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The Quality of Life of Patients with End-Stage Renal Disease

List of authors.
  • Roger W. Evans, Ph.D.,
  • Diane L. Manninen, Ph.D.,
  • Louis P. Garrison, Jr., Ph.D.,
  • L. Gary Hart, M.S.,
  • Christopher R. Blagg, M.D.,
  • Robert A. Gutman, M.D.,
  • Alan R. Hull, M.D.,
  • and Edmund G. Lowrie, M.D.


We assessed the quality of life of 859 patients undergoing dialysis or transplantation, with the goal of ascertaining whether objective and subjective measures of the quality of life were influenced by case mix or treatment. We found that 79.1 per cent of the transplant recipients were able to function at nearly normal levels, as compared with between 47.5 and 59.1 per cent of the patients treated with dialysis (depending on the type). Nearly 75 per cent of the transplant recipients were able to work, as compared with between 24.7 and 59.3 per cent of the patients undergoing dialysis. On three subjective measures (life satisfaction, well-being, and psychological affect) transplant recipients had a higher quality of life than patients on dialysis. Among the patients treated with dialysis, those undergoing treatment at home had the highest quality of life. All quality-of-life differences were found to persist even after the patient case mix had been controlled statistically. Finally, the quality of life of transplant recipients compared well with that of the general population, but despite favorable subjective assessments, patients undergoing dialysis did not work or function at the same level as people in the general population. (N Engl J Med 1985; 312:553–9.)

Funding and Disclosures

Supported by a grant (95-P-97887/0) from the Health Care Financing Administration.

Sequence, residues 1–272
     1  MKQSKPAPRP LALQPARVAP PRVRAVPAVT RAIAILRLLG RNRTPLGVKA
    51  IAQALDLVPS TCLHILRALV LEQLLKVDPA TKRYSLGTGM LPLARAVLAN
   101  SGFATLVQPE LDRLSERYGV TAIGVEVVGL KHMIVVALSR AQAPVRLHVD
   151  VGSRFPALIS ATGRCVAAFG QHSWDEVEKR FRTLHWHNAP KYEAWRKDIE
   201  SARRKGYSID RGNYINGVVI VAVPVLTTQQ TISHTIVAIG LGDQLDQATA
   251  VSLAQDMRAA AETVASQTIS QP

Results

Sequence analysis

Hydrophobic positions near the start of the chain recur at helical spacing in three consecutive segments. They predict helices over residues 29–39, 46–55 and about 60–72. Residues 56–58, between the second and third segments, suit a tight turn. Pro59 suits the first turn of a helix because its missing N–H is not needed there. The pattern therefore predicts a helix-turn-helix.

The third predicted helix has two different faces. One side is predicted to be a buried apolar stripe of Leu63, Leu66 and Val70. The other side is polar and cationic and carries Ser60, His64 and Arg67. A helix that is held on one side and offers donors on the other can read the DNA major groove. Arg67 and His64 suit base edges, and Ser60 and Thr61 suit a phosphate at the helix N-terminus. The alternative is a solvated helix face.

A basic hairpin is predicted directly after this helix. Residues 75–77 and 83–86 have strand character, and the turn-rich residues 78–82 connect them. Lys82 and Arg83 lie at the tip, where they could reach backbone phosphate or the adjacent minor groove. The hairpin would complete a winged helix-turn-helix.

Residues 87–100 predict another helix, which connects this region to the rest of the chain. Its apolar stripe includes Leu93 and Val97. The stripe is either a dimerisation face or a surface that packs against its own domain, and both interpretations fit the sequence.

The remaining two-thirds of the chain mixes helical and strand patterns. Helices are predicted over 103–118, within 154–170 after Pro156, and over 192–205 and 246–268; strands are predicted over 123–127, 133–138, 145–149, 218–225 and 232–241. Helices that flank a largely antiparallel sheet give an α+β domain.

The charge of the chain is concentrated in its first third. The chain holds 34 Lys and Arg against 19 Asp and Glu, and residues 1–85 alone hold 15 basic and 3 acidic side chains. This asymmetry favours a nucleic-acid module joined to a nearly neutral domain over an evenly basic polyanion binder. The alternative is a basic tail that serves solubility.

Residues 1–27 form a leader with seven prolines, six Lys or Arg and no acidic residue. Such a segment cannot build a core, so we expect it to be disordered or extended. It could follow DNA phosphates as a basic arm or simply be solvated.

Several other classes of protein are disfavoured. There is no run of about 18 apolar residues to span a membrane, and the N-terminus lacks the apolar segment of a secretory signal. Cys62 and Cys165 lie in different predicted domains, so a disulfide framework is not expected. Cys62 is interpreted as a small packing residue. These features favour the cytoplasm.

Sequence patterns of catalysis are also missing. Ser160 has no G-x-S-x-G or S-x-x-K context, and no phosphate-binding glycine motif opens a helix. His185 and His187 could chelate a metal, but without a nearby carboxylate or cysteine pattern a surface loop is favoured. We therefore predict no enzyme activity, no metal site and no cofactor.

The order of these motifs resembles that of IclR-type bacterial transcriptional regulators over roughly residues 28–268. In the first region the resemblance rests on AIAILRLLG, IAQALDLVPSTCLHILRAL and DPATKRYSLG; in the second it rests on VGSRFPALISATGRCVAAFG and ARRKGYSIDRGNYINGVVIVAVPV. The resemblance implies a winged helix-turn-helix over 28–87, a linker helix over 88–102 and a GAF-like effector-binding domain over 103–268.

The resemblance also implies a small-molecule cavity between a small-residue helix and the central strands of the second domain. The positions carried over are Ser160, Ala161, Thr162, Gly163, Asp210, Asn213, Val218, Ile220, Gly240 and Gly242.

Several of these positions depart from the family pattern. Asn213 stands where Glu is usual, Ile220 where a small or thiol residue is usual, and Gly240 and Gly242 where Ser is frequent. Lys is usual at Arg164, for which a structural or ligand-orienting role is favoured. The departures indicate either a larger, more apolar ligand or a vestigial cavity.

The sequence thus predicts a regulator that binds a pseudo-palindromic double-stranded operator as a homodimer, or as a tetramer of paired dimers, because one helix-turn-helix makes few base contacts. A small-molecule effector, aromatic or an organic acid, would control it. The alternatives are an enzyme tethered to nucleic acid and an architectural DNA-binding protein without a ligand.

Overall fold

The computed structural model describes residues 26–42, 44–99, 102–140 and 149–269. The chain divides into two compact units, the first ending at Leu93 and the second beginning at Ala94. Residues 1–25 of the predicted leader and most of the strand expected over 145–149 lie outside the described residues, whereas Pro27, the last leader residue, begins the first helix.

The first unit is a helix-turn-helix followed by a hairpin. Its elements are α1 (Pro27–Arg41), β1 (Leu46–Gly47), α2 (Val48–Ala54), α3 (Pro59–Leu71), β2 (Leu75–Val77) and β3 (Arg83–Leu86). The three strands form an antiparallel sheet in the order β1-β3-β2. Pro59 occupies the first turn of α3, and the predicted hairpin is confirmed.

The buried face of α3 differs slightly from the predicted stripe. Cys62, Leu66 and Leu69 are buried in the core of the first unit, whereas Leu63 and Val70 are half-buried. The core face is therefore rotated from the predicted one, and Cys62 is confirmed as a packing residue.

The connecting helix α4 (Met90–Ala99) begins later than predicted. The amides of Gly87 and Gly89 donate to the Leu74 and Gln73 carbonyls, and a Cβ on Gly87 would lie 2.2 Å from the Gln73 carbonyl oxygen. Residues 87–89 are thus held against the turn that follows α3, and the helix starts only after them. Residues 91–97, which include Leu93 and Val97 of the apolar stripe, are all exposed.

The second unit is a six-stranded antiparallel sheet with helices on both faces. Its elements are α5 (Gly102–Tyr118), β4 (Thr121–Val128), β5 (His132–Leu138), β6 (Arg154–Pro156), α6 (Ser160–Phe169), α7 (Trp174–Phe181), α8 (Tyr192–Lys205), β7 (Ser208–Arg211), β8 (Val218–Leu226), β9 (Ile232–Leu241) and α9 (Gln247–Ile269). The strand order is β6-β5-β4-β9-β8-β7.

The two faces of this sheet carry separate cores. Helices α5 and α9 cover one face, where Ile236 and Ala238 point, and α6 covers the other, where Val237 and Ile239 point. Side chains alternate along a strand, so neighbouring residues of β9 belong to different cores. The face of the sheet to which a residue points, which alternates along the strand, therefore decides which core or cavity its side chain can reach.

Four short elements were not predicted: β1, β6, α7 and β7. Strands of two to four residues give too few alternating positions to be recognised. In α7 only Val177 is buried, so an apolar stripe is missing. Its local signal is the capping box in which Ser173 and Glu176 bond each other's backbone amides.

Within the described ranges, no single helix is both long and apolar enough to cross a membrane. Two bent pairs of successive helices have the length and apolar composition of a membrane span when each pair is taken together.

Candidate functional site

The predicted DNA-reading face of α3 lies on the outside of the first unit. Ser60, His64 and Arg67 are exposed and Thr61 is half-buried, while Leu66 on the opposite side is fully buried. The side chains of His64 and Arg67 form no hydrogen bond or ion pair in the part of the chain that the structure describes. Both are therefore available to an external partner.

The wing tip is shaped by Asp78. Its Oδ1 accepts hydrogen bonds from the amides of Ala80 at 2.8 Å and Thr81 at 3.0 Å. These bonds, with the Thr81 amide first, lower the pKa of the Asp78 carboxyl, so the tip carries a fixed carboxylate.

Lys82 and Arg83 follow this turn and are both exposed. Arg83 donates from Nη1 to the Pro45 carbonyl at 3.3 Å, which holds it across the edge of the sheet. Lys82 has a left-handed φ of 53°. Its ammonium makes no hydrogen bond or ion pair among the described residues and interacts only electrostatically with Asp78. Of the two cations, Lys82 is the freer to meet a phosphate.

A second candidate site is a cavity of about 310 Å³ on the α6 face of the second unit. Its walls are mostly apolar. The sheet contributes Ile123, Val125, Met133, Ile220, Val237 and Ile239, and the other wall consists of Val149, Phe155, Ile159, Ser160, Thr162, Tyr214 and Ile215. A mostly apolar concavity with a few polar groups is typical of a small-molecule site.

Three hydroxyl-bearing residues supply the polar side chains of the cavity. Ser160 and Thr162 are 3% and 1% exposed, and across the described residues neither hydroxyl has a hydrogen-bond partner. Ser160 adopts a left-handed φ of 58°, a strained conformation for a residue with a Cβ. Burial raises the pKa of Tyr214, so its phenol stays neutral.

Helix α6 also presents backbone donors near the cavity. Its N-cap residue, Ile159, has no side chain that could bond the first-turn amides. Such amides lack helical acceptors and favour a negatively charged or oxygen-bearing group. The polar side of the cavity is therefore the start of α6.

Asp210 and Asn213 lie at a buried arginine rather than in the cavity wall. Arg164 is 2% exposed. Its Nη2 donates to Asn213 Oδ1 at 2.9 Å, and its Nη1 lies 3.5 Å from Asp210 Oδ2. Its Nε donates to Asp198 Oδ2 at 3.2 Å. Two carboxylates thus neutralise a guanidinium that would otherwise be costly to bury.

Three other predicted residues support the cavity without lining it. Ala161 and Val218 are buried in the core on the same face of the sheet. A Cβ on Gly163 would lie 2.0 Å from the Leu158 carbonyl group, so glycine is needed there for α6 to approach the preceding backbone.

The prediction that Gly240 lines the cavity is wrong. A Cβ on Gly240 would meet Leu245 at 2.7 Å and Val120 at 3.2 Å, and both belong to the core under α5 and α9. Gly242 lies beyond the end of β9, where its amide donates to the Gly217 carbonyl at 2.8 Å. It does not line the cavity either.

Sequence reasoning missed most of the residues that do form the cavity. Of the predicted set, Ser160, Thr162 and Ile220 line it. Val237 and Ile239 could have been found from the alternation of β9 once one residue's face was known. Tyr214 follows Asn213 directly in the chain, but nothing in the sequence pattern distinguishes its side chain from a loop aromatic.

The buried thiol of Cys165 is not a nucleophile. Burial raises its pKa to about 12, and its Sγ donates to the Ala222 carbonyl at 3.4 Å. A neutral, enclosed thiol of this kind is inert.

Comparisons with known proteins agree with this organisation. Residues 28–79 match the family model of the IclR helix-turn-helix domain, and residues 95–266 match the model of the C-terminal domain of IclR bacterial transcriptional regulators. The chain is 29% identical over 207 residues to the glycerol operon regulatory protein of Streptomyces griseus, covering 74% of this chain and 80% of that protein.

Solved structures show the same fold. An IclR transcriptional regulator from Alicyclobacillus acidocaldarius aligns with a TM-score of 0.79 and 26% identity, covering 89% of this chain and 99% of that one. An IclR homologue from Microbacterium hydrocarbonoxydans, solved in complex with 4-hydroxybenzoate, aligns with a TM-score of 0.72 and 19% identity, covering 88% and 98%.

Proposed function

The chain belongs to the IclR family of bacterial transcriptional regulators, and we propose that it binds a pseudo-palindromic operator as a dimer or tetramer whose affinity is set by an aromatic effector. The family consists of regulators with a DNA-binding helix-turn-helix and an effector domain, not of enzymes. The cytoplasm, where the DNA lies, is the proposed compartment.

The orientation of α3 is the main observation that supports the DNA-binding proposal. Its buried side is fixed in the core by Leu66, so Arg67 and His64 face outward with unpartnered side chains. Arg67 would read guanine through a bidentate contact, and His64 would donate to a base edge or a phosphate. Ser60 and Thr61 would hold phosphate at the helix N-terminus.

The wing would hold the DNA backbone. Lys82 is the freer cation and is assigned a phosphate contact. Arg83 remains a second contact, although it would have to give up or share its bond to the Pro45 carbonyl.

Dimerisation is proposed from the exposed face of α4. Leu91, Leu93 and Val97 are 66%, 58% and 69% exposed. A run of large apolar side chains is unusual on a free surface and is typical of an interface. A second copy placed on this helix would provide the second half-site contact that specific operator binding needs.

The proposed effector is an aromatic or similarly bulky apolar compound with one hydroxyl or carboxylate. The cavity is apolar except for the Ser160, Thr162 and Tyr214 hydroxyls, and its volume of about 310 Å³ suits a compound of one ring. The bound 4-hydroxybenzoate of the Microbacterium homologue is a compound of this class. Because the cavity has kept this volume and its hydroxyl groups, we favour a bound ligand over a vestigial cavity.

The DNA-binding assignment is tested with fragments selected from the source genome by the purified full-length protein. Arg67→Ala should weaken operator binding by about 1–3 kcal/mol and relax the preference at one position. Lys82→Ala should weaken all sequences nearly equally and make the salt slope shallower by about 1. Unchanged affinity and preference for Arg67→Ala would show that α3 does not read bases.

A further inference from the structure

We are indebted to the medical, nursing, social work, and other staffs at Bishop–Clarkson Memorial Hospital (Omaha, Nebr.), Dallas Kidney Disease Center (Dallas), Dialysis Clinics, Inc. (Nashville), Downstate Medical Center (New York), Eastern Maine Hospital (Bangor, Maine), Indiana University (Indianapolis), The Kidney Center (Boston), Nalle Clinic Kidney Center (Charlotte, N.C.), Northwest Kidney Center (Seattle), Presbyterian Medical Center (Denver), and West Contra Costa Dialysis Clinics (San Pablo, Calif.); to the patients who participated in the study; to Mr. Carl Josephson of the Health Care Financing Administration; and to Ms. Millie Gregory for assistance in preparing the manuscript.

Author Affiliations

From the Health and Population Study Center, Battelle Human Affairs Research Centers, the Northwest Kidney Center, and the Department of Medicine, University of Washington, Seattle; the Center for Health Affairs, Project HOPE, Millwood, Va.; the Department of Medicine, Duke University Medical Center, Durham, N.C.; the Southwestern Dialysis Center, Dallas; and National Medical Care, Inc., Boston. Address reprint requests to Dr. Evans at Battelle Human Affairs Research Centers, Seattle, WA 98105.

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